Politicians like Mark Reed don't go up against Obama because they want to show loyalty to a foreign government, except maybe in the minds of conspiracy theorists. They do because their voters don't much like the way Obama is treating Israel either, and want to ride that train to victory. There is simply nothing that matters more to a politician than the views of his constituency, and that is reflected in their words and deeds. Again, this doesn't make them loyal to Israel. It makes them loyal to their votes. Which is the way democracy is supposed to work.

None of stops Ms. Milazzo though:
"When the United States consistently sides with Israel to the detriment of American citizens and America's standing in the world, there is something terribly wrong."
This is total bull, of course. America is ultimately self-interested first (just look our alliance with Saudi Arabia) and there is no way that America remains allies with Israel if (a) there is no practical gain and (b) if it hurts America's interests. There are dozens of articles explaining why support for Israel's is in America's interests and why the damage to America's standing is completely self-inflicted. Could it be that all of these politicians and millions of American voters know something that Ms. Milazzo does not? Or is she going to dictate to the American people what they should and should not be thinking.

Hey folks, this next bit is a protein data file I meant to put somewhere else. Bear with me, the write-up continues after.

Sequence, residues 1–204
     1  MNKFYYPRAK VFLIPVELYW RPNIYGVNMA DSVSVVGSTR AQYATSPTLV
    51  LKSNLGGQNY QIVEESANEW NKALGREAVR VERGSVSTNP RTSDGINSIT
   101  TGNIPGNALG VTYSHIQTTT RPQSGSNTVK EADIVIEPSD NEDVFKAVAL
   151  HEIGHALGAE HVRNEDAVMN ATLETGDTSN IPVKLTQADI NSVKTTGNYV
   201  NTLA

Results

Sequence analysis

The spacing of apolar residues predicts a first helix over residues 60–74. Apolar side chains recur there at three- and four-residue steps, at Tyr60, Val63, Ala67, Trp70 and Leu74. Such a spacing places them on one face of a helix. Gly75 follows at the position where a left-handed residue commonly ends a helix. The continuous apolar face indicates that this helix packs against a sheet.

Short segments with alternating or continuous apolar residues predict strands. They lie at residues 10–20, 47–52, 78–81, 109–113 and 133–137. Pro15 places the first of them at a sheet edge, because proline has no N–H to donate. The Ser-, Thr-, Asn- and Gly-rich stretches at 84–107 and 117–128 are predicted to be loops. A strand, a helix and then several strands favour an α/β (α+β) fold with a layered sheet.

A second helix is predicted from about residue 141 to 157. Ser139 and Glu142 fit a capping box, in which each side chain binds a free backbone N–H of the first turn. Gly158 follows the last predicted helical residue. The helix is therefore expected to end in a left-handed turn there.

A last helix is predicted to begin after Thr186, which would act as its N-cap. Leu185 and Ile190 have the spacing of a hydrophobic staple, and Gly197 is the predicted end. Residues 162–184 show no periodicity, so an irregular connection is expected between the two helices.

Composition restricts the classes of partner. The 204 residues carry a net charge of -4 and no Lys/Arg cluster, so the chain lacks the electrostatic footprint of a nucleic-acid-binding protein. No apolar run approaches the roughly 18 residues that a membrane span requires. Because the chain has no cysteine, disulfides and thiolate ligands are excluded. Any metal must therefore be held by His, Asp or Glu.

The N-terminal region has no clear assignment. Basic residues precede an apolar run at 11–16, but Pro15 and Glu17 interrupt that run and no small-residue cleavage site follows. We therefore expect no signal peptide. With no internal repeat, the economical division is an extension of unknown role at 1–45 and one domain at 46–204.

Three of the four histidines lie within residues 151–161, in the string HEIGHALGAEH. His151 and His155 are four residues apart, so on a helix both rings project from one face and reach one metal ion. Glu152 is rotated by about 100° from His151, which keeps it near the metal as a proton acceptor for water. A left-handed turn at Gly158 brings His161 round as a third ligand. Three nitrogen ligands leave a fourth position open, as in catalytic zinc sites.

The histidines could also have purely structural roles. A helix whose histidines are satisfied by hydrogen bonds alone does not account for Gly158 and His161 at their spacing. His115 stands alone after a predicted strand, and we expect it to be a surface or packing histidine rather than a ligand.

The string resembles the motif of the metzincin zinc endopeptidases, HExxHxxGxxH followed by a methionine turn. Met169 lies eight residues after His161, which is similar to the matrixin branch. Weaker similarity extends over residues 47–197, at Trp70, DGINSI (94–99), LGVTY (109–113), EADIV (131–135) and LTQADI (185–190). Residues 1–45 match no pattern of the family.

Sounds like the typical Huffington Post blogger: Uninterested in the views of others and quick to use old slanders like dual loyalty. The HP readership is sure to eat it up.

3 comments: